They did it again…
August 6, 2021
Photo; B. Carr | Getty
Determination and execution take Russia / ROC back to the Olympic final after a hard fought semifinal against Norway.
By J. Schuetz
Before the Match
The widely anticipated semifinal would offer Norway a chance to avenge the one-goal loss after extra-time at the Olympic games in Rio 2016.
Russia would aim for back-to-back gold medals.
89% of the participants of the stregspiller.com snap poll saw Norway advancing to the final match at the Tokyo Olympics!
Russia opened a three-goal window shortly before the half in a game Norway would not be able to turn around anymore.
A courageous defense effort and nine goals from Anna Vyakhireva laid the foundation of a compelling win, despite the early red card for Anna Sen.
A repeat of the Rio 2016 final awaits – Russia vs. France – part 2.
Russia jumped to a quick two-goal lead against a nervous team from Norway. Kari Brattset Dale scored the equalizer after 10 minutes (3:3), but Norway’s backcourt players found it difficult to score.
A red card in the 15th minute, when defense specialist, Anna Sen, hit Nora Mork in the face, marked a turning point in the first half.
Mork would score on consecutive 7-meter penalties and Skogrand’s shots from right wing found their target, after burning several good opportunities early on.
Norway maintained a narrow lead until five minutes before the buzzer, when Dmitrieva & Co. scored four unanswered goals, securing a three-goal advantage.
It took Norway five minutes after the break to tie the match again (15:15), but Russia responded with a 6:1 run of their own.
Kseniia Makeeva’s fourth goal extended her team’s lead to six, the largest difference in the game.
Although, Norway outscored Russia in the remainder of the match (10:5), it left the winners of EURO 2020 one goal short of yet another period of extra time.
Nine field goals from right back extraordinaire, Anna Vyakhireva, and 11/28 saves from goalkeeper Anna Sedoykina explain some of the difference between the top teams at Tokyo’s Yoyogi arena.
A well organized defense by Daria Dmitrieva and Kseniia Makeeva (the latter did double duties after Sen’s early red card) was another critical piece of the Russian success story and Russia’s offense was clicking on a few more cylinders.
On the other side Nora Mork scored ten times, but six of her goals came from the penalty spot. In short – breaking down Russia’s defense was tough never mind scoring from the backcourt.
The burden to make up for the missing fire power fell on Norway’s wing players on both sides of the pitch. But, Stine Skogrand (4/9) and Sanna Solberg Isaksen (3/5) could not convert on a number of good shooting opportunities and Camilla Herrem, who was in the starting lineup, left the field early in the first half and never returned?!
A more than solid showing of Kathrine Lunde in Norway’s goal (35% saves) could not make up for the aforementioned deficiencies.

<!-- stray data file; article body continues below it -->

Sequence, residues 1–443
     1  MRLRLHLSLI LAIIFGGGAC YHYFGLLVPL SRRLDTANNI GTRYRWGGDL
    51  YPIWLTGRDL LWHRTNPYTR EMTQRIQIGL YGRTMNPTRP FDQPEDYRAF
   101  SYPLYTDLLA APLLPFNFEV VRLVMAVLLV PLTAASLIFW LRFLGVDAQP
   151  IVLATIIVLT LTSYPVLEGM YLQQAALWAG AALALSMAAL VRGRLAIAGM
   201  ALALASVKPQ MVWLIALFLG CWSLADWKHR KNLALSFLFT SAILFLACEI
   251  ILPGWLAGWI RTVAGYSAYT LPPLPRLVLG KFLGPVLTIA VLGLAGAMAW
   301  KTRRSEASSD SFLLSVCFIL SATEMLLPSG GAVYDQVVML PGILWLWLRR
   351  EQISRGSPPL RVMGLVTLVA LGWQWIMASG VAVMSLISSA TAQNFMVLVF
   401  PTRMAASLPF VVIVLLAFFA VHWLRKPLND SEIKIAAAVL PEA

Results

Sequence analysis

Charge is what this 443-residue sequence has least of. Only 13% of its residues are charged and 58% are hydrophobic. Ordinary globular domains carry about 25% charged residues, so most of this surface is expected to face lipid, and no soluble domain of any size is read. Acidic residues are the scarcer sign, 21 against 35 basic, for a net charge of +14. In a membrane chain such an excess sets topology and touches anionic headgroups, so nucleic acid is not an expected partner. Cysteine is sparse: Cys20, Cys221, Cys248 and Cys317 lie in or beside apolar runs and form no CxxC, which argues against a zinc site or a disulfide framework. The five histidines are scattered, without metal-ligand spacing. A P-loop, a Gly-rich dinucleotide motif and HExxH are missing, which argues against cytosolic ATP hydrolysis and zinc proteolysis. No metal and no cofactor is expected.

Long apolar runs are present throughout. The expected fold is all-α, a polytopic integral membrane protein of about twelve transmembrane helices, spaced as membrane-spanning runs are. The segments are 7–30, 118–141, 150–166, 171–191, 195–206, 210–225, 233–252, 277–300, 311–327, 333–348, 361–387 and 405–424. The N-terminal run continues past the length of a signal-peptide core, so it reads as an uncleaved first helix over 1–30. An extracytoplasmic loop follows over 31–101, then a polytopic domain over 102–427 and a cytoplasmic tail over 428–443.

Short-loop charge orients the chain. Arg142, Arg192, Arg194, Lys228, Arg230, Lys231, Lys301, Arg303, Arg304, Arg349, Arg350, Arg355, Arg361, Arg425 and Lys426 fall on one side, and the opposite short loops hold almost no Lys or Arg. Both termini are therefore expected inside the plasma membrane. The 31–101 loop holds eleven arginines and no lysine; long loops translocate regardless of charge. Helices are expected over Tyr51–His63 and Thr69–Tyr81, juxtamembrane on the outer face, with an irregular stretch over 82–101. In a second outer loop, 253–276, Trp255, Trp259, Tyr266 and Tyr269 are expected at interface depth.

Former head coach, Yevgeni Trefilov expressed his thoughts in no uncertain terms when he said that his congratulations to Russia’s coach, Aleksey Alekseev, would have to wait until he wins the gold medal.
Alekseev’s performance on Friday must be encouraging and he certainly is on the right track to receive the accolades of his legendary predecessor if he and his team can deliver an encore result on Sunday.
Aside from preparing his squad for the bronze medal match against Sweden, Norway’s head coach, Thorir Hergeirsson, had to face the question why he stuck with Stine Skogrand on right wing throughout the semifinal instead of opting for Marit Jacobsen when the former was struggling?
Could Kristine Breistol have made a difference on the left-back position as well? For now, such answers are a mute point, but possibly food for thought for games to come.
Always a sensitive matter, but especially when the referees hail from the country that already qualified for the Olympic final. Yet, Julie and Charlotte Bonaventura were not to blame for the result of the match.
The French twins executed this game of handball as good as any before, although critical remarks were expressed by several Norwegian players after an undoubtedly hard felt loss, shortly after the final whistle.
What They Said
Vladlena Bobrovnikova (left-back Russia, when asked about Makeeva’s efforts on both ends of the pitch)
“Actually, it’s a very difficult Olympics – there are many girls who we have no substitutes for, It’s some sort of madness that we made it to the finals.”
Stine Oftedal (center-back Norway, when asked about the performance of the two referees)
“I think it was very frustrating. I think they (Russia ed.) get to play extremely long (in attack ed.), and I think they get to do that extremely often.”
N. Mork (10), S. Skogrand (4), V. Kristiansen (3), S. Solberg Isaksen (3), S. Oftedal (2), H. Reistad (2), M. Frafjord (1), K. Brattset Dale (1)
Russia / ROC
A. Vyakhireva (9), K. Makeeva (4), E. Ilina (4), P. Vedekhina (3), P. Kuznetsova (2), D. Dmitrieva (2), J. Managarova (2), V. Bobrovnikova (1)